So, while home loan borrowers are seeing a quick rise in fixed interest rates and Tony predicts this will be the strongest restraining factor to the housing market over the next two years, his view is that it’s not the most significant factor right now.  

Credit Crunch 

Alongside interest rates and ‘frustrated, tired buyers’ stepping back, Tony states the most considerable impact to the housing market right now is the banks credit crunch.  

As Tony sees it, there are three key causes:  

  • CCCFA (Credit Contract and Consumer Finance Act) – From December 1, lenders must meet new CCCFA requirements, which means banks must apply the most stringent assessment of people’s income and expenses that we have ever had in New Zealand. Furthermore, Tony believes banks are navigating the changes cautiously and have tightened up even more than required.  As an adviser network, CCCFA is something NZHL is navigating with clients to ensure lenders are getting the information they need.  Pleasingly we already have robust systems in place to help make this easier – our high-touch personalised service approach helps here as well!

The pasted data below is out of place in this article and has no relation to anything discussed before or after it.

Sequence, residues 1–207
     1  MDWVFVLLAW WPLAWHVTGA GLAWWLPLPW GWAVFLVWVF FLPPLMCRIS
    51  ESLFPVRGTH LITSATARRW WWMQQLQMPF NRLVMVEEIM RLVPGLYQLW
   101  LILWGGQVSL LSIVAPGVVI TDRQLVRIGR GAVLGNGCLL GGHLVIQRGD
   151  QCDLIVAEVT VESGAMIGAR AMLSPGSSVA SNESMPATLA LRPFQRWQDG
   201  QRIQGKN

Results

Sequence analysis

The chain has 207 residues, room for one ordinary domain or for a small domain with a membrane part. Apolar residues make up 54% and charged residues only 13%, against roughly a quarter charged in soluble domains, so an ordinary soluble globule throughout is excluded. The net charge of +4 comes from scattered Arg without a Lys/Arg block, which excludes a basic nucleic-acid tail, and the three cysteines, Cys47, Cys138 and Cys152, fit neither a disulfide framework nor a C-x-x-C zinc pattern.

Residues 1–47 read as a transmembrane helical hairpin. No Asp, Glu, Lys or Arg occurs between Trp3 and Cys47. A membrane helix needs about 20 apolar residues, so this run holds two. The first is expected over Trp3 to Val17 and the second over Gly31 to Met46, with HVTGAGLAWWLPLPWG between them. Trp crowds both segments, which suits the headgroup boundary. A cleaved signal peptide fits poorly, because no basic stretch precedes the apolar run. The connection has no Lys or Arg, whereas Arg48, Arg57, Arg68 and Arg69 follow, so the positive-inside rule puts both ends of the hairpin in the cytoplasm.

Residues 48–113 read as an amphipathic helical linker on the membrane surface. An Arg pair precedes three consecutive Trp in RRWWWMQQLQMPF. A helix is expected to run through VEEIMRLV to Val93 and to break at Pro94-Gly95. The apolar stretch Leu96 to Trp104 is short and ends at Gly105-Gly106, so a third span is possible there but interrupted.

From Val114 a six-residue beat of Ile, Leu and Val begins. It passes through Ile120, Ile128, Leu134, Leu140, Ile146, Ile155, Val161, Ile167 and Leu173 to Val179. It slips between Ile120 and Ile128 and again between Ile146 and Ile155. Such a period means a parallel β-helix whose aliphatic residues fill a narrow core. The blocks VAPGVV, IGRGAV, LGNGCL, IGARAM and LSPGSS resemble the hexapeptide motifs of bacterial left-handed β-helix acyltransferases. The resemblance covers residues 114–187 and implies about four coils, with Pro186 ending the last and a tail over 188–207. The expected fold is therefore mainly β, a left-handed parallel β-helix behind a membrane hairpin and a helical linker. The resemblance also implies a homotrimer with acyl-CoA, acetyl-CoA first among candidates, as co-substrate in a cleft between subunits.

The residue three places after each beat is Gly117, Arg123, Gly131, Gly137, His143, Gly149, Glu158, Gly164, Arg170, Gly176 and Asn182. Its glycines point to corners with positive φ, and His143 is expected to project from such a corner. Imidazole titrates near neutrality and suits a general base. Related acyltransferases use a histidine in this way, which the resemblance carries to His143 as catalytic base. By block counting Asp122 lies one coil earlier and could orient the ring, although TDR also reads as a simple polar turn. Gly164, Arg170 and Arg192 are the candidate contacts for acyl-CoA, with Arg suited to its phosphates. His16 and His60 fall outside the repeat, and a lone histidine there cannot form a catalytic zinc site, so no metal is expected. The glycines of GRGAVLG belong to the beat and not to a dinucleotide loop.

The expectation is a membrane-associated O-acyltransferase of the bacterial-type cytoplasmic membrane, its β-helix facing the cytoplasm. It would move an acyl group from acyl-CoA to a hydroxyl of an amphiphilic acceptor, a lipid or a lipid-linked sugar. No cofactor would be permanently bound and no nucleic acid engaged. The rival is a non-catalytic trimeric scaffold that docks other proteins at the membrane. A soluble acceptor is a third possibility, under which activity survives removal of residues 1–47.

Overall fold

• Low equity deposits – From November 1, the Reserve bank now requires bank lenders only to have a maximum of 10% of their new lending (new loans) where the deposit is less than 20%.  

And, with banks at risk of exceeding these requirements, Tony claims they have pulled back on low deposit lending.  

“Early in November, the lending growth was still fairly strong, but at some point, it looks like towards the middle of November the banks went – oh my goodness if we continue as we have been going, we’re going to breach the 10%.  

And the last thing a bank ever wants to do is breach one of the Reserve Banks requirements, so they’ve just shut the door essentially and cancelled pre-approvals and said no more low deposit lending.” 

However, Tony believes this halt is only temporary.